I never had to put any thought into what I was feeding them other than making sure they had proper nutrition. I’m a meal planner, it saves my family a lot of money and aside from making the menu itself and cooking the food that was all that I had to do. Yes, it was a pretty big job for me as a ( then ) mom of three but it was enjoyable. Then I had “D” right before MB turned 2. His birth was scary. He had distress towards the end and the doctors thought he had swallowed some meconium. We had to wait on a team of specialists only to have them walk out the door as soon as they heard the very loud cry he was belting out of his perfectly clear lungs. Up to that point all of my labors and deliveries were very nice experiences with only one small cord issue during Z’s delivery. After he came his life was simple and sweet. We enjoyed having our wild and stubborn little man! I waited until after he was one to feed him any nut or egg products and after he had them he was fine. No issues! Then one day when he was about 15 months old during a snacky lunch when we had veggies, nuts and popcorn, D started breaking out in hives. At this point aside from my own grape allergy as a kid I had never dealt with a food causing this type of reaction. I did know what it was right away because of Z’s animal allergies though, so we gave him Benadryl and he was fine. Cashews were the culprit. A few months later pecans caused another reaction. Peanuts never bothered him. So we still had peanut products in the house. His allergy to tree nuts is a hives only reaction at this point but we always stay away from them to be safe. When D was 8 months old we found out we were expecting baby number 5!!! She was born when D was 17months old. She is our whirlwind baby. With her, things have always been crazy, scary and fast. Her story will take more than one post. MH turned 2 on the 22nd of May. Her short two years have been more eventful than most people ten times her age. She is my fighter.

~Hope

Before and After

Food allergies are life altering.  I should know as I developed an allergy to tree nuts as a teenager.  I have had many types of reactions from rashes/hives, upset stomach, swollen body parts, and the dreaded anaphylaxis requiring epi-pen injection, an ambulance ride, and a visit to the ER.  This post isn’t about my allergies, though.  It is about my son’s.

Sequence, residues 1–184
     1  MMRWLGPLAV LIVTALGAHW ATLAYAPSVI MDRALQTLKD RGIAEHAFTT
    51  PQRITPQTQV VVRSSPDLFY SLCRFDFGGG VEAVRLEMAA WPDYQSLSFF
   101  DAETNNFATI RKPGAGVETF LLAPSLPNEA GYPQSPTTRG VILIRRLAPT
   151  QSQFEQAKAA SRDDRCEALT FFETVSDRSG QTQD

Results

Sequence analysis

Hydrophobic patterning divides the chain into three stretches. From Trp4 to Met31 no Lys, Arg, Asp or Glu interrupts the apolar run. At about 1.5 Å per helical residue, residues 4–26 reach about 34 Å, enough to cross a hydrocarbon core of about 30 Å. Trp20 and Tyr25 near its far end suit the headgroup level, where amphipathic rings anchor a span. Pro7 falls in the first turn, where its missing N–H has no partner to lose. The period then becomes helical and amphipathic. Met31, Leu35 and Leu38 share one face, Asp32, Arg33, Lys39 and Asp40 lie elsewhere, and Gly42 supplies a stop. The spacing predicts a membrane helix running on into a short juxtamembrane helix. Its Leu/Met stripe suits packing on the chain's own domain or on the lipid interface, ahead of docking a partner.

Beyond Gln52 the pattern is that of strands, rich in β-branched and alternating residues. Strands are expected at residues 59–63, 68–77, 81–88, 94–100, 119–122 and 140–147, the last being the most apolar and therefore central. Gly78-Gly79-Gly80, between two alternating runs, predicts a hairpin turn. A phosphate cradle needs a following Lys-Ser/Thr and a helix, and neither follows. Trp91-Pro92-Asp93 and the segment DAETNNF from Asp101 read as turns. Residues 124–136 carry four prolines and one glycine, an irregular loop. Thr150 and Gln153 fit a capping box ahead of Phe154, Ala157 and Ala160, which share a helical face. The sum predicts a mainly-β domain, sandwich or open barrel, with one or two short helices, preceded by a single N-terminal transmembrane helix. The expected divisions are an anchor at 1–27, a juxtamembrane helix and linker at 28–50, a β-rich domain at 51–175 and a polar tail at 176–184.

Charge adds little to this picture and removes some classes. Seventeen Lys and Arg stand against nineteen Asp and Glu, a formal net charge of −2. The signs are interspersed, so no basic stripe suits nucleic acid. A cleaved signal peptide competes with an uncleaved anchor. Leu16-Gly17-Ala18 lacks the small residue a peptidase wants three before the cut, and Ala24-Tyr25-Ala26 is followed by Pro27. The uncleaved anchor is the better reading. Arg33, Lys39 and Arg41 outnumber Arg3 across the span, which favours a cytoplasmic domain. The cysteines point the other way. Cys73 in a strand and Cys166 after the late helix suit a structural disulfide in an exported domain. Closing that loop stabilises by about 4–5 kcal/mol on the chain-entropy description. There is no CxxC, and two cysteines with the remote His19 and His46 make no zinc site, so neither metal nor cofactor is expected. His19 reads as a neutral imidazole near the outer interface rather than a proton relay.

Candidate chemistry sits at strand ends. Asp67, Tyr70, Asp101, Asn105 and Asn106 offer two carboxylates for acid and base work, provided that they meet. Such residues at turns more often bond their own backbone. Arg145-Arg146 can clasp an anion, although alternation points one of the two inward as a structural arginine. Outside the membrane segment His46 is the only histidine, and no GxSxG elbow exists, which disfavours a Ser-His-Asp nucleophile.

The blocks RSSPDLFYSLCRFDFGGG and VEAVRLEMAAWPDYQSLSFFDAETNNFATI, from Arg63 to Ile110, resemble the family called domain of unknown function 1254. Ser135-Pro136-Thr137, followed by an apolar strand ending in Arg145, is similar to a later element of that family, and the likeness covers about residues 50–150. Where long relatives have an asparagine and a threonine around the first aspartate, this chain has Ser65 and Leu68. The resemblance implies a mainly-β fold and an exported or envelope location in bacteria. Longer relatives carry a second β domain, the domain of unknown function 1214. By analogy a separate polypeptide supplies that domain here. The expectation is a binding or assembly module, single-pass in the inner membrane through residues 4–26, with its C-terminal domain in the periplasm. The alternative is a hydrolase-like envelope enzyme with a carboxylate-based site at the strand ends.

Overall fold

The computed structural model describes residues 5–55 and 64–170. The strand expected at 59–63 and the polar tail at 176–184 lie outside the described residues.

I only mention my own brief history to point out that this wasn’t always the norm.  Just like with my son DR, we had a period where food allergies did not affect us, were non-existent.

I hated to cook, and my husband, Justin, worked long sporadic hours, so it was easy to just order out:  our options only limited by who was open or willing to deliver.  I complained when we couldn’t agree on food or when an item I wanted was out.

Our diets were that of the typical American.  I never looked at fat, triglyceride, sugar, or caloric values.  Ingredients (other than my tree-nut avoidance) didn’t matter as long as we enjoyed the flavor.  We did try to adhere to a healthy diet for DR, attempting to avoid sugary foods and things that could rot his teeth or lead to obesity.  Grandparents would call us uptight for limiting him to only three cookies or bags of gummies.

Holidays and family get-togethers were plagued with vast amounts of foods. Christmas was my favorite time of year.   From Thanksgiving to New Year’s Day, we ate until we were sick.  My grandmother’s holiday baking was beyond compare.  Homemade cheesecakes, reese cups, cookies, brownies, fudge, and puff balls (different types of snack mixes dipped in melted chocolate, caramel, and peanut butter.  She would call me weeks in advance to ask what my heart desired and would spend hours baking.

I look back on all of this now with mixed emotions: sadness, frustration, acceptance, relief…the list goes on.  Our life is completely different, our food choices carefully examined and deliberated.  We eat out very little and cook much more.  Processed foods are a thing of the past, and fresh ingredients line our cabinets and refrigerator.  Holidays are a nightmare, and I am now a baker.

~ Lacey